Dear [MP’s name]
As your constituent I would like to alert you to key problems with the Digital Economy Bill currently being debated in the Lords (1). Specifically I’ll address those parts which relate to combatting copyright infringement through file sharing. I do not defend breach of copyright, which I recognise as an infringement of civil law. However, I would like to point out that this bill is the product of intense lobbying funded by multinational rights companies who are prepared to compromise the civil rights of their entire customer base for the sake of a holding pattern for their obsolete business model.
I have three main concerns, which I’ll outline briefly below.
1. The need for proportionate punishment which avoids collateral damage.
Under the current terms, the account holder is held responsible for the actions of each person who uses their connection, and everybody who uses the connection is punished along with the transgressor. Moreover, Internet Service Providers (ISPs) are subject to heavy fines if they refuse rights holders’ demand for the personal details of infringers. ISPs oppose this bill (2).
Society is dependent on internet to the extent that we can reasonably consider it a utility comparable to water, gas or electricity. We pay our bills, access services, and shop on it. We learn on it – I work in a higher education institution which, under current terms, could be disconnected from the internet, a devastating collective punishment. Universities oppose this bill (3).
My neighbours, two teachers, could be disconnected if one of their two school-age sons were to illicitly share files over the family internet connection. Disconnecting the many small businesses along Barkingside High Street which depend on internet access could be fatal. The Federation of Small Businesses opposes this bill (4).
2. Low standards of evidence and poor appeals process.
Currently the bill permits unspecified technical measures – most likely involving a period of disconnection from the Internet – to be levelled at individual accounts holders on the basis of three letters of accusation from a rights holder. Infringers take measures to mask their identity; frequently the account holder is not the infringer. Because the courts are bypassed, there is no recourse to legal aid in an appeal.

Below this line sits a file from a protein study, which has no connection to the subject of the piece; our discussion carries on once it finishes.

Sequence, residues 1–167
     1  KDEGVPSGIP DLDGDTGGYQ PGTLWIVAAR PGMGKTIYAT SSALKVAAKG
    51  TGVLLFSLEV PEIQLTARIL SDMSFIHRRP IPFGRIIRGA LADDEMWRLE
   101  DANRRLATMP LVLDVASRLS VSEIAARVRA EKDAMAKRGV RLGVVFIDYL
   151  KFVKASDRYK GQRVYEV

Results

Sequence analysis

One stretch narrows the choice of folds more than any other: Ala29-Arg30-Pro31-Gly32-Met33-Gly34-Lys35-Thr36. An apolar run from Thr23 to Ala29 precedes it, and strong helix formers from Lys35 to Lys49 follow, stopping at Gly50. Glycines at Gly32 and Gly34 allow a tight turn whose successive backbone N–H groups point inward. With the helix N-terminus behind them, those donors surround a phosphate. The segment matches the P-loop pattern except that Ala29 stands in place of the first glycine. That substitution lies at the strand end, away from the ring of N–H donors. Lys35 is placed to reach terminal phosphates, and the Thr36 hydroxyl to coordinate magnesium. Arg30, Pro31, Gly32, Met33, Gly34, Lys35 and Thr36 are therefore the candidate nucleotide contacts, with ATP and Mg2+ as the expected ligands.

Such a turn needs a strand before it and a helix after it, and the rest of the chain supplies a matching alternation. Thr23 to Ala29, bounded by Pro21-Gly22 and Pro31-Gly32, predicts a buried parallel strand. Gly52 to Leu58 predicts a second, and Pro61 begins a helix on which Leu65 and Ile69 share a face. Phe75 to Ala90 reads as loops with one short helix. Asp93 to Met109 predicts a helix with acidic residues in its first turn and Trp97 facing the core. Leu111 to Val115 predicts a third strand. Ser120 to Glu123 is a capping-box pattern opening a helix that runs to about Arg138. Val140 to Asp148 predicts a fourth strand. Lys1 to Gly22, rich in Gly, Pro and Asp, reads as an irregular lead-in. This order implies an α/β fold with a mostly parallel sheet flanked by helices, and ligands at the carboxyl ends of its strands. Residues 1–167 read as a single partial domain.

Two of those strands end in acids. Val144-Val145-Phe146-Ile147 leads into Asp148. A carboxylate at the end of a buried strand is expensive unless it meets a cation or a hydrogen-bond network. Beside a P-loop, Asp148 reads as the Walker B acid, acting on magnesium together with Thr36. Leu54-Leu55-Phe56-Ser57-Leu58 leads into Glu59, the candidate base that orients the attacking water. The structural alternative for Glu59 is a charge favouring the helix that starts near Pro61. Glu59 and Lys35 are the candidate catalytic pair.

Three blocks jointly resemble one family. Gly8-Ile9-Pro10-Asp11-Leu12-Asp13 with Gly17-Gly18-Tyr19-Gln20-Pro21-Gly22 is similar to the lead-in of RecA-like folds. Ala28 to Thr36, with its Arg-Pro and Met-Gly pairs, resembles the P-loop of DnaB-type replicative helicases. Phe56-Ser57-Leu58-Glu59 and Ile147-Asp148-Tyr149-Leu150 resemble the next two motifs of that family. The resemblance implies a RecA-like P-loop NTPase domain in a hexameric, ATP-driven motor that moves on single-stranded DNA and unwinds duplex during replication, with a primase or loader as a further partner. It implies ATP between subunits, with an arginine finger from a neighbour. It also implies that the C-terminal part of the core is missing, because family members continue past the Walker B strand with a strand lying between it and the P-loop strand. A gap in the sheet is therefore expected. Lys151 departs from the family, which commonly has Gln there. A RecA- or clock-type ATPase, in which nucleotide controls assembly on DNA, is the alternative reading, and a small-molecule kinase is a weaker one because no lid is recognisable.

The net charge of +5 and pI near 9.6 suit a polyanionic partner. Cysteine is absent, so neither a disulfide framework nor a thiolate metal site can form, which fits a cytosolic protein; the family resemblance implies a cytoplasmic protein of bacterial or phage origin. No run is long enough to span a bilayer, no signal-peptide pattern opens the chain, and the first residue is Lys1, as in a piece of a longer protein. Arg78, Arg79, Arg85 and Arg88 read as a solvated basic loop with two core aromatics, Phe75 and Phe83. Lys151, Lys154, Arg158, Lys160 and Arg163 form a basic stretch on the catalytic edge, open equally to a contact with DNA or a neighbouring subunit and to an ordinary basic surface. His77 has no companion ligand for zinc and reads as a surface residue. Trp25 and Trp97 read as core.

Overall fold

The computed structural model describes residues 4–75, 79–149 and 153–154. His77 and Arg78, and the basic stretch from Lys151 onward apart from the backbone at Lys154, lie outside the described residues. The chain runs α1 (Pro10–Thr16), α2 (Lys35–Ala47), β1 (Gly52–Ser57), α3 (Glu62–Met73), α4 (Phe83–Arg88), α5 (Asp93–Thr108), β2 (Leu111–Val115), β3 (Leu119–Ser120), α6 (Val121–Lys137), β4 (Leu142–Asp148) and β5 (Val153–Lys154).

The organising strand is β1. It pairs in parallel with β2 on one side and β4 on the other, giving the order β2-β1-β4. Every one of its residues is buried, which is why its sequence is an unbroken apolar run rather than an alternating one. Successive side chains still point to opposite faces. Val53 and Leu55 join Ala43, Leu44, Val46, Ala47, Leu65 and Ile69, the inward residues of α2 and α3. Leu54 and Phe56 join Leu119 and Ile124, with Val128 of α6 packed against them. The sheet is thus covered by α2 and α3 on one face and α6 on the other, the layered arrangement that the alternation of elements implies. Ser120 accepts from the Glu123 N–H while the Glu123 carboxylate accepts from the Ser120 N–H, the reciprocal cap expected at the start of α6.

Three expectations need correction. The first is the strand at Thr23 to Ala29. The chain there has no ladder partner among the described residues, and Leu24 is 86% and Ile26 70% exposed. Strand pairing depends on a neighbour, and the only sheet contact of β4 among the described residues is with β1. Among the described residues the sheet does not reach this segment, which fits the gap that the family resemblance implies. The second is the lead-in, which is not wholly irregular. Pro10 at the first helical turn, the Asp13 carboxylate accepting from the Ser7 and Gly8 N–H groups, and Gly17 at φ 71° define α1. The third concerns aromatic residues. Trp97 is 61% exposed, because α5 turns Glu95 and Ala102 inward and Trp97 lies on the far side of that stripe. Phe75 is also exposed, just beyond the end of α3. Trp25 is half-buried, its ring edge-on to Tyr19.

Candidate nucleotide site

3. Poorly-defined measures and secondary law-making powers.
Currently, the bill entitles law-making on the fly independently of Parliament and the Lords. It is unreasonable to expect the public to accept this bill on the understanding that the Secretary of State will decide the law later by Statutory Instrument. We cannot leave UK law open in anticipation of future, hitherto uninvented forms of transgression; this is particularly absurd given that the bill singles out broadband users and ignores mobile phone connections and established forms of file sharing such as disc and USB drive. It is particularly strange that a sliding scale of fines is not under debate. A fine would limit the collateral damage, and the terms of payment could be negotiated according the the income of the account holder.
I’d like to make the following urgent requests prior to the Commons debate on this bill:
- Read the Open Rights Group’s briefing for MPs (5)
- Back EDM 1997
- Campaign for proportionality in this bill, and for a fine rather than disconnection.
- Call for legal safeguards for individual internet users, including a clear appeals process with access to legal aid, be written into the bill before it is passed.
I have left a message to arrange an appointment, and look forward to discussing this further with you.
[My name and addresses]
(N.b. this omits the privacy concerns – ISP’s being forced by OfCom to divulge personal details of account holders to rights holders; possible end to anonymous file sharing.)